/ Modified jan 20, 2023 5:17 p.m.

Student gumshoes at GCU collaborate with Phoenix police to create shoeprint database

Forensic scientists can identify shoeprints left at crime scenes, including what type of shoe and what size the suspect wears.

Shoe sole Measuring shoes and cataloging their treads are tasks Grand Canyon University students do as they add shoes to a shoeprint database they’re working on with the Phoenix Police Department. The photo was taken at GCU in Phoenix on Nov. 3.
Alexia Faith/Cronkite News

Thanks to a collaboration between Grand Canyon University forensic science students and the Phoenix Police Department Crime Lab, a new shoeprint database will assist crime investigators in identifying shoe impressions left behind at crime scenes.

“I was spending countless hours looking on the internet trying to find these impressions, and I thought it would be much nicer to have a searchable database to go to,” said Kyle Mueller, a Phoenix police forensic scientist who supervises trace evidence analysis.

The trace evidence analysis section of the crime lab analyzes such evidence as gunshot residue, footwear, tire tread impression, and fiber and fire debris.

Forensic scientists can identify shoeprints left at crime scenes, including what type of shoe and what size the suspect wears.

Mueller said he lacked the time and staff to go to stores and analyze new shoes to input in a database, so he reached out to GCU, which assembled a group of forensic science students to start collecting shoe information.

Until the database is up and running, Mueller said, Phoenix police forensic scientists rely on Google searches and such websites as Zappos to search for the latest shoes.

“It could take days, if not weeks, to try to find these shoes,” he said. “The whole point is to decrease the turnaround time, meaning get this information back out to the investigator as soon as possible, because they might need this information if they’re using a search warrant and looking for the suspect.”

National databases “are expensive and require the user to subscribe to receive service,” Mueller said. “Having a local database is more effective in determining the local population of shoes in circulation.”

Mueller said he had the idea for a local database about five years ago, but progress has only begun within the past six months, and the database remains under development.

“It’s been great working with the students because they’ve taken my idea and taken it to another level,” he said.

The initial goal was just to get students to go out with cameras and take photos, Mueller said, but they’ve also created standard operating procedures and training programs, along with learning to operate photo and staging equipment.

The students scour stores to find new shoes to analyze and add to the database. They also created a glossary with definitions of tread patterns.

Six GCU students are in the Arizona Outsole Database program, including forensic science majors Megan Martinez, a junior, and Lauren DeJong, a senior.

“Shoeprint evidence is one of the most common to find at a scene … putting together a database with a uniform language that can be used to more efficiently find a shoe impression will save a lot of time and be a lot more efficient in the future,” DeJong said.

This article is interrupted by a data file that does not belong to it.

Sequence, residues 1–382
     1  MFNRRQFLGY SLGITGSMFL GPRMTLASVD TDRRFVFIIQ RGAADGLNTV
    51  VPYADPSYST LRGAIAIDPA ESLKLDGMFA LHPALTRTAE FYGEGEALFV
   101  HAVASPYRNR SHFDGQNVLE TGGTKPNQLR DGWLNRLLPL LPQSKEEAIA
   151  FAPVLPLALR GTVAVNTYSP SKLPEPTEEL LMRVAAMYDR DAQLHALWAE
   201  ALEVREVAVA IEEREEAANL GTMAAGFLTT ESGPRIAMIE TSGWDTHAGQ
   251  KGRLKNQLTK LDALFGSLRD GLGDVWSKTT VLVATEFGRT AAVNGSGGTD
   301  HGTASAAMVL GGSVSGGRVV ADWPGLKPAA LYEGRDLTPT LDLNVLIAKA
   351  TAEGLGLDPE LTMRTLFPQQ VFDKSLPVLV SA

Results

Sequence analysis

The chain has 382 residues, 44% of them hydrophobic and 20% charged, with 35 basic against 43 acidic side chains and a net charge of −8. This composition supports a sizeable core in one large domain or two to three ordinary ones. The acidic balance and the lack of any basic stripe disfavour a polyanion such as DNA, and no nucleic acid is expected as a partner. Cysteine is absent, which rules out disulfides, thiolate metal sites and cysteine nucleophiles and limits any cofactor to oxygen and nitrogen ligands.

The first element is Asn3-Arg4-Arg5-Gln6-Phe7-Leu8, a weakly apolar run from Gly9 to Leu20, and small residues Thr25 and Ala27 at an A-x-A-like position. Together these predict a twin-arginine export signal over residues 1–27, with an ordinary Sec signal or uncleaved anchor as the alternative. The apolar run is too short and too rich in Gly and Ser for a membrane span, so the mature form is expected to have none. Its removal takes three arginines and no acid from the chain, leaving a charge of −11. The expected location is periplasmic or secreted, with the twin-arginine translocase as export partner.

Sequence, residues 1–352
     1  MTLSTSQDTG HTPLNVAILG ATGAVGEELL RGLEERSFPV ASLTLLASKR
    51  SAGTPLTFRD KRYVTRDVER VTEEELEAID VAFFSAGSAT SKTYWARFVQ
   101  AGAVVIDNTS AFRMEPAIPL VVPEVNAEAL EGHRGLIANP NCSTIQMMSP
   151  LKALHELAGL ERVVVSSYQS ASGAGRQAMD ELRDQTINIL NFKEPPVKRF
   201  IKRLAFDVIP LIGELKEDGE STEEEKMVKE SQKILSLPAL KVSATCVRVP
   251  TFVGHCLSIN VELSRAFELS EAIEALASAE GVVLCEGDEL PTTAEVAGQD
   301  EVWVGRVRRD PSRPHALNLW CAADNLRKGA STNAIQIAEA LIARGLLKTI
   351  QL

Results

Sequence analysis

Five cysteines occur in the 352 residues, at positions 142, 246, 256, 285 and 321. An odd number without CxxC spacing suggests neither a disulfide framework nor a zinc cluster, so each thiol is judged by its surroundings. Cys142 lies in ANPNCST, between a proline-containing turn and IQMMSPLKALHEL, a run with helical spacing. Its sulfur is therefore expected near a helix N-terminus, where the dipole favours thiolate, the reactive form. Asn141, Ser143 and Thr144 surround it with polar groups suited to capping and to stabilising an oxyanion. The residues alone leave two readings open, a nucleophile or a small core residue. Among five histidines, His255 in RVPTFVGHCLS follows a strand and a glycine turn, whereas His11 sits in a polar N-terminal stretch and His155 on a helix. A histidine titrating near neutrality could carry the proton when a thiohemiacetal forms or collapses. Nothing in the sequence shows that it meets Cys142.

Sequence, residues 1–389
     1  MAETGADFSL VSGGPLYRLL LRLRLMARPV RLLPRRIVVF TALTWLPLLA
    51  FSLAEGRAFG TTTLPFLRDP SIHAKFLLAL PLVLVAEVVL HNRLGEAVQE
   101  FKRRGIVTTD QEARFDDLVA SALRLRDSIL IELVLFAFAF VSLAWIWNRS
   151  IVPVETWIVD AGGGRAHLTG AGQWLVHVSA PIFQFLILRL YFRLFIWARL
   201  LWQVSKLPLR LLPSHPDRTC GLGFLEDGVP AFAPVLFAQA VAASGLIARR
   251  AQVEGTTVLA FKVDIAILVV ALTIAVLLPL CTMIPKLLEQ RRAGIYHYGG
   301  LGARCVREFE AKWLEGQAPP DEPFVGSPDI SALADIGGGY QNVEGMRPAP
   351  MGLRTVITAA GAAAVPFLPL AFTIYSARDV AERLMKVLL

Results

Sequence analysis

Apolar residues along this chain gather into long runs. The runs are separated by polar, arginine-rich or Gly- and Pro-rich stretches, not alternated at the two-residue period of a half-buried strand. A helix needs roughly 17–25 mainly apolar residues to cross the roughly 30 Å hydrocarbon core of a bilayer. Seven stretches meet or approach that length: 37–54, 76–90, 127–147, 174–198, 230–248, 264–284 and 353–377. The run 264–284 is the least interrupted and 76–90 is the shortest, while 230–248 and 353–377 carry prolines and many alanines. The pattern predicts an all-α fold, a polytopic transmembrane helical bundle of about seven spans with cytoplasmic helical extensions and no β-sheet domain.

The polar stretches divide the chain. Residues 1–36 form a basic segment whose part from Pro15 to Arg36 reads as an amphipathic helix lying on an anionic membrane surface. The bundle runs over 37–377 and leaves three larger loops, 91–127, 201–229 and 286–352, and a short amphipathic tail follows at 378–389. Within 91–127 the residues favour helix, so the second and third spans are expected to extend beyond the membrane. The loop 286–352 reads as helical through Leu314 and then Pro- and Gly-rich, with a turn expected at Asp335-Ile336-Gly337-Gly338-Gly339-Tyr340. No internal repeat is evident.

One of the main challenges the students have faced is shoe store access and permission to take photos. Many managers don’t allow the students to photograph shoes without approval from a corporate entity.

DeJong said another challenge has been defining tread patterns for the glossary.

“As you can imagine, there’s a million different shapes and ways they put them on the shoe,” she said. “So figuring out a really concise and practical way to make a glossary that can be used to actually search a shoe and find that print – that’s been one of the big challenges.”

Mueller said that in analyzing shoeprint traces, he mainly focuses on class characteristics of the shoe, such as design and size, but also pays attention to such characteristics as logos and irregularities specific to a given shoe, like cuts, scratches, or gouges.

The group analyzes both men’s and women’s shoes and focuses on documenting athletic footwear, the most typically found at a crime scene.

A computer science major at GCU is creating the infrastructure for the database.

GCU forensic science instructor Leah Webb, who oversees the GCU side of the project, said the database benefits both the Phoenix crime lab and the students by offering a constantly updated database at their fingertips and real experience for the students.

“It’s providing those students with hands-on experience and then familiarizing them with a specific discipline within forensic science,” she said, noting they’ll be able to put this experience on their resumes.

Webb said the Arizona Outsole Database program is limited to six members because of a lack of equipment, but there is a waitlist of eligible students who want to participate, and the program is ongoing.

The only requirement for students is they must take a crime scene photography course offered through the university.

“Overall, it’s been very positive,” Webb said. “They love being part of it, love having that connection with the forensic scientist and knowing how this is going to possibly impact their careers once they graduate here – they may get to work with this database one day.”

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